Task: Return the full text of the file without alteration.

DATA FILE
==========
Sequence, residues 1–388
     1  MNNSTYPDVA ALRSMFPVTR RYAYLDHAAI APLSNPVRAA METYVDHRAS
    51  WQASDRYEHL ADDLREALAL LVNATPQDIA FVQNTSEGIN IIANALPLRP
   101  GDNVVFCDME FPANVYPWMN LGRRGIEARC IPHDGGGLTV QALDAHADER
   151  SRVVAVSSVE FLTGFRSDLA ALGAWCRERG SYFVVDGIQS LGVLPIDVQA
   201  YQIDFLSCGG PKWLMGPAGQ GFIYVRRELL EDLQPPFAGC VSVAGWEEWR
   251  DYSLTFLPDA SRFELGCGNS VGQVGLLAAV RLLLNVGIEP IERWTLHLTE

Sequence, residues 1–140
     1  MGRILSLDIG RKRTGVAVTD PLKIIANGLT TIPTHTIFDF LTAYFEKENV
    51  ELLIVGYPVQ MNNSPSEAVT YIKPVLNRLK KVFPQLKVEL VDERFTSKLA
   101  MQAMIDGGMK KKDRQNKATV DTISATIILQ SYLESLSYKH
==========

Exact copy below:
Sequence, residues 1–388
     1  MNNSTYPDVA ALRSMFPVTR RYAYLDHAAI APLSNPVRAA METYVDHRAS
    51  WQASDRYEHL ADDLREALAL LVNATPQDIA FVQNTSEGIN IIANALPLRP
   101  GDNVVFCDME FPANVYPWMN LGRRGIEARC IPHDGGGLTV QALDAHADER
   151  SRVVAVSSVE FLTGFRSDLA ALGAWCRERG SYFVVDGIQS LGVLPIDVQA
   201  YQIDFLSCGG PKWLMGPAGQ GFIYVRRELL EDLQPPFAGC VSVAGWEEWR
   251  DYSLTFLPDA SRFELGCGNS VGQVGLLAAV RLLLNVGIEP IERWTLHLTE

Sequence, residues 1–140
     1  MGRILSLDIG RKRTGVAVTD PLKIIANGLT TIPTHTIFDF LTAYFEKENV
    51  ELLIVGYPVQ MNNSPSEAVT YIKPVLNRLK KVFPQLKVEL VDERFTSKLA
   101  MQAMIDGGMK KKDRQNKATV DTISATIILQ SYLESLSYKH